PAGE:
The penalties can now increase up to 18 percent annually by the second year of delinquency. Howze said the city would like to cut the penalties to a more manageable six percent.
THEME FOR THE SUMMIT: HERE’S WHAT YOU CAN DO
A common theme that ran through each and every presentation. It was this: Here’s what you can do to strengthen/repair your neighborhood, and here is where you can go/who you need to see to get the resources you need to get the job done. This wasn’t about cheerleading generalities or platitudes; this was about the work of making Detroit work for those who need Detroit to work the most, namely those of us who live here.
“The summit was amazing,” said Jessica Patton of the Neighborhood BUG (Building Urban Gardens) program. “This was the first time we participated and we learned so much. The summit is important because it provides lots of information on programs that people are not aware of.”
The most well-attended session – with nearly 80 participants — was Grantmaking/Meet the Funders where participants had the rare opportunity to meet with representatives from three of the largest private funding organizations in the state; The Skillman Foundation, The Kresge Foundation, and The Knight Foundation. Each has launched major funding initiatives in Detroit and was on-hand to interact with members of the community about how community organizations could apply for grants and what kinds of grants are available.
The Faith-Based Development workshop attracted an enthusiastic crowd as well who were interested in what local churches have been doing to stabilize neighborhoods. Rev. Jim Holley, pastor of Little Rock Baptist Church, received a strong positive reaction from those in attendance with his philosophy that church leaders need to “claim your territory.”
“You got to have a vision,” said Holley, who is also director of civic and community affairs for the City of Detroit. “It’s a matter of claiming your territory and having the community buy into that vision for that territory. And I try to protect my territory. The brand for my church is salvation, education, and economics.”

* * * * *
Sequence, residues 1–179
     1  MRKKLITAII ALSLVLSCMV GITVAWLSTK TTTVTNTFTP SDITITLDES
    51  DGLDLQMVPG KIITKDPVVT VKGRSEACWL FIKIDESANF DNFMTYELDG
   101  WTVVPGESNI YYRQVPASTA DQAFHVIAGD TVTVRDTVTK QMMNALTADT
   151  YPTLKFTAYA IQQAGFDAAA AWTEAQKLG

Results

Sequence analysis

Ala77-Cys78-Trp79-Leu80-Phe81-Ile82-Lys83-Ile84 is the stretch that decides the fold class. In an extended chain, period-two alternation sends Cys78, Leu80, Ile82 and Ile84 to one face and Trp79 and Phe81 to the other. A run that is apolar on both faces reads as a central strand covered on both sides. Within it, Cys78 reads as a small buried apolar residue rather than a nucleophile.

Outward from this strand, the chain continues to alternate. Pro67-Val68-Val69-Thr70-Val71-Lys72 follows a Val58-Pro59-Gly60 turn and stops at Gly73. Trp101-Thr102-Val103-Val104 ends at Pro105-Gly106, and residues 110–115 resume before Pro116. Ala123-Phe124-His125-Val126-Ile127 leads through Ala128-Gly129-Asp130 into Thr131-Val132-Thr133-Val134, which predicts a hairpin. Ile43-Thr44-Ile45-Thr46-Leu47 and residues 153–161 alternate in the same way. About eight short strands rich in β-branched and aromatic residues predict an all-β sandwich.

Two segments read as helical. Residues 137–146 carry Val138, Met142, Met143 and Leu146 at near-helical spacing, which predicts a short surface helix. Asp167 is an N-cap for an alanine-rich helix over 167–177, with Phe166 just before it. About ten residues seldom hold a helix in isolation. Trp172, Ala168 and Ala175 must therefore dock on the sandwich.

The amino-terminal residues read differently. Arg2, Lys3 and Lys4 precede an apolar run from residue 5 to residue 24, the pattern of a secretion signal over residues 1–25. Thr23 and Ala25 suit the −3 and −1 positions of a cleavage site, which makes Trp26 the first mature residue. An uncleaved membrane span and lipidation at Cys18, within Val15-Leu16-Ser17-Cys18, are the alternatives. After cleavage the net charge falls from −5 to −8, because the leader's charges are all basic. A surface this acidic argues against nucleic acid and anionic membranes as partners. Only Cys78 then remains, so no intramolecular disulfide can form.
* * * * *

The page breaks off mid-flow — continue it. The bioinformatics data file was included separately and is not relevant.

Little Rock operates a number of businesses and community outreach programs.
Father Don Archambault of Corpus Christi Catholic Church said that in a devastated community like Detroit, churches are often required to step up and fill roles/gaps in community building that normally they would not do, simply because they are the only entities capable of doing the necessary work. Panelist Rev. Alonzo Bell said that his church, Martin Evans Missionary Baptist Church, has started an automotive repair class for young people in a former Detroit Public School on the city’s east side.
Errol Jennings, president of the Russell Woods-Sullivan Association on the city’s west side, was a panelist in the Neighborhood Organizing workshop but also took advantage of the summit’s many networking opportunities.
“The summit was fantastic,” he said. “It got a lot of people really energized about the positive side of Detroit and gave them information they needed. I’m definitely going to be taking advantage of some of the networking I did by hooking up with other groups.”
Singer J’Renee, who has performed at a number of ARISE Detroit! events, delivered a stirring song—her own version of I Believe in Detroit City — at the morning opening session.
“Detroit is down but certainly not out,” she said. “We all have to do our part.”
J’Renee has worked for both city and county elected leaders as well as volunteering for the Capuchin Soup Kitchen for nearly two decades and started a youth-centered organization of her own.
It’s in my blood,” she said. “Since I was small I remember wanting to help make a difference in my community. You have to believe in something before you can become a part of something.”
Believe in Detroit.
Keith Owens is a Detroit-based freelance writer.